28 September 2011

"May you live in interesting times"


Whether or not the above wish is Chinese in origin or not, it is most definitely intended as a curse, and most definitely very relevant to life in Greece at the moment!

When I first came to live in Greece in 1974 I used to scour the British newspapers for items about Greece and NEVER found anything at all. It was as if Greece simply did not exist. This situation continued even after Greece became part of the European Union. Any comparative tables of life in Europe almost pointedly omitted to mention Greece so that we never could work out how well, or badly, we compared with the rest of continental Europe.

Now that Greece is constantly in the news how we wish for a return to the peaceful days when nobody cared about what was going on here.

One of my favourite articles recently compared Greece with the front bumper of a car about to crash into a brick wall. Favourite because, for once, someone seemed to be spreading the blame a bit and suggesting that there are other countries out there in a pretty bad state as well. I suppose it shouldn't be comforting to think that worse is to come, but we are all rather fed up of being the world's whipping boy/scapegoat/bad guy.
Susan

12 September 2011

The very very long, short season!


Does it seem to anyone else that this season seems to have gone on for ever and yet seems to be quietening down at possily the earliest date ever? All of sudden the island seems to be more peaceful and perhaps to have reverted to being Corfu again, not the frantic non stop traffic jams we have had for the last six weeks.

I am hardly in a position to complain - the reason that I haven't contributed to the blog for what seems for ever is because I have been caught up in the family villa and apartment rental business, and life seemed to consist of running backwards and forwards with laundry and defusing potential disasters.

We have had all nationalities of guests, the majority absolutely wonderful, and some true disasters including people booking for 4 people, adding a 5th, and arriving with a 6th (and then raucously disturbing the entire neighbourhood); people not realising that the villa is booked as soon as they themselves leave and wanting to stay in residence until 2.00am because that's when the ferry leaves; people expecting the same TV channels they get in their home countries (whichever country they live in!); expecting us to 'do something about the mozzies'; or to 'do something about the seaweed on the beach'; expecting me to change mattresses in their villa instantly because they are too hard; using the jacuzzi as the kids pool and then letting the kids do unmentionable things in it; others throwing up all over the outside furniture and into the jacuzzi.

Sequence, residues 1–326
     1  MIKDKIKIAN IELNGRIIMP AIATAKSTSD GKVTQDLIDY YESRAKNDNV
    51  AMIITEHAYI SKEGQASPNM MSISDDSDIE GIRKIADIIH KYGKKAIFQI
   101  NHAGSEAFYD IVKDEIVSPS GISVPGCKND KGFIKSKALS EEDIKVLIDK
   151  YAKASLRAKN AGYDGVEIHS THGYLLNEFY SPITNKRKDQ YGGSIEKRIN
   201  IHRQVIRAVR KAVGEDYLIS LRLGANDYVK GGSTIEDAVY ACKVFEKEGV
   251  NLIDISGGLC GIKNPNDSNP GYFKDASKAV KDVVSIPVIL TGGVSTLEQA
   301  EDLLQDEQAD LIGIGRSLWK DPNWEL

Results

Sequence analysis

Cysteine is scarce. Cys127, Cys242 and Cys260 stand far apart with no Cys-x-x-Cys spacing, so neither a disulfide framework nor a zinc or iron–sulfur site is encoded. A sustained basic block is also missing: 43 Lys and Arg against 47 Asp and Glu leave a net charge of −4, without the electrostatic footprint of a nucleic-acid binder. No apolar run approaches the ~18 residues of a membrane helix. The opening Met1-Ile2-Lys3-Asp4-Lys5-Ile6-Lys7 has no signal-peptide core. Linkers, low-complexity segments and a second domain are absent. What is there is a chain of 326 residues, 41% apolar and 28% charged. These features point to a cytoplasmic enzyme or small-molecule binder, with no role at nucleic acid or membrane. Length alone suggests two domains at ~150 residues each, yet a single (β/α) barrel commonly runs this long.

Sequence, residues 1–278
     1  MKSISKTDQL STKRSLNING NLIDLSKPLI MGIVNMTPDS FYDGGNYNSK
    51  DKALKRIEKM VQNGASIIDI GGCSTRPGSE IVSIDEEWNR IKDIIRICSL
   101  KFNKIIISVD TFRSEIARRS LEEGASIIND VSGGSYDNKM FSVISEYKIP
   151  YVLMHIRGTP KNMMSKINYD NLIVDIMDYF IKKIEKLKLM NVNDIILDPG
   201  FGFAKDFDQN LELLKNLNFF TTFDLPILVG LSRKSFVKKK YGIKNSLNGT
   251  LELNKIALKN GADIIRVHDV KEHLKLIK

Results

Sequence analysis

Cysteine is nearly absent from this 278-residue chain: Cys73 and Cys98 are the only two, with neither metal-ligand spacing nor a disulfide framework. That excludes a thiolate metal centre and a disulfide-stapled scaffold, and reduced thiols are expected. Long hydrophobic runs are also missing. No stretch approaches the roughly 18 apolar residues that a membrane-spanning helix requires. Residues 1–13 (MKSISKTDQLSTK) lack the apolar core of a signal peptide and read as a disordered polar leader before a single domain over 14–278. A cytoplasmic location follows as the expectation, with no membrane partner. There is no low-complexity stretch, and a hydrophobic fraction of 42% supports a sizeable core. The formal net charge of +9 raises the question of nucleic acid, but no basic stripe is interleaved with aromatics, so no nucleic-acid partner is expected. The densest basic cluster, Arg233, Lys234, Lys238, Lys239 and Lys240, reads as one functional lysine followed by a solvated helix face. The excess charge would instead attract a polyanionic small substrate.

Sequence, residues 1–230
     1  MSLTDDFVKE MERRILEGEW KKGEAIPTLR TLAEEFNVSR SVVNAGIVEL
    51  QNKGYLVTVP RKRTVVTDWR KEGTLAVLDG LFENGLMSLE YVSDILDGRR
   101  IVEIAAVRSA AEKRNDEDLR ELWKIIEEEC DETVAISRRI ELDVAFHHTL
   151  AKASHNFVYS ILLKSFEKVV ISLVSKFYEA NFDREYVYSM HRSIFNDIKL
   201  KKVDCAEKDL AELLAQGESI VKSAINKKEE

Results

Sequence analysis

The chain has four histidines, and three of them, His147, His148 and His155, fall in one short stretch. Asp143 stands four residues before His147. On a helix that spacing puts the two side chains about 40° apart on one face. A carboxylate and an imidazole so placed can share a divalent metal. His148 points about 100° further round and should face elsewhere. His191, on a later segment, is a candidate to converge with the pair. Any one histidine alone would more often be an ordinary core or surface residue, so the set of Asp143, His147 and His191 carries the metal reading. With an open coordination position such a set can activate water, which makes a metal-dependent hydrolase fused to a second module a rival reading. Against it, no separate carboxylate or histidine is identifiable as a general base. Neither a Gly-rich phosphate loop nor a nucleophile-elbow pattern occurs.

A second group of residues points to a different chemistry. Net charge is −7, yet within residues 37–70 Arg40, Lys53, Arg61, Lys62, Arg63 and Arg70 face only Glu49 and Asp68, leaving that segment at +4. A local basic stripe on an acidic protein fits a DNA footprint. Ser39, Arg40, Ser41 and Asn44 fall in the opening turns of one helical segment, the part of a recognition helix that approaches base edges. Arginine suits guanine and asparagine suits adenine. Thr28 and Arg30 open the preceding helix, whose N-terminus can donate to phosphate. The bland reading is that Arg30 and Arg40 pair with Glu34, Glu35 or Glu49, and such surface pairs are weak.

Plus the gem of receiving a call from a guest in the apartments at 3.00am to say that the lady next door was screaming for help, at which point we went to see what was happening and I spend a happy 10 minutes on the phone to the Benitses police trying to explain where the apartments were (next village, turn left 100m after the petrol station, not rocket science) and they NEVER did get it, at which point we told them not to bother. Good job it turned out not to be that serious and all the other clients had a sense of humour. (Same fighting couple win my 2011 award for how to trash your holiday accommodation.)

It has all been a bit of a new experience for me, even though we have been letting villas for over 20 years. The bulk of guests are wonderful and we keep in touch with many of them. This year also, 95% of them have been fabulous but I suppose it is the 5% disasters that stick in the mind and today the final straw of some incoming Italians who threatened to call the police because they insisted they had booked a villa when they had actually booked and paid for an economical studio. I offered them my phone and the number of the police station, refunded their money on the spot and suggested they go and find a villa at the same price. Then, with great relief, we switched off our phones for two hours and headed off to the beach!

There is still more of the season to go but somehow this time of the year is gentler, more relaxed, and I look forward to more occasional quick trips to our candidate for 'best beach in Corfu' (in the south, of course). This genuinely is one of the times of the year when it is easy to discount some of the national problems and remember why we came to live here and still stay. And why so many people are still keen to change their lifestyle and move out here, either for as long holidays as possible or permanently.
Diana

Ryanair flights in November


Anyone looking for a quick Corfu "fix" in November might find it worthwhile checking out Ryanair. Flights continue right until the end of November and the twice weekly option means that a mid-week or long weekend break is entirely feasible.

Prices are still very low (though increasing daily - I have been checking). Carry on hand baggage allowance is restricted to 10 kilos, but for those able to travel light it should be just about possible to avoid paying the extra required for a suitcase, and the rather inexplicable admin fee for each case which can double the cost of the original quoted price.

Obviously the above also applies for those of us living here who would like to visit Britain on the cheap in November, though Christmas shopping might be difficult without paying for the extra baggage allowance!
Susan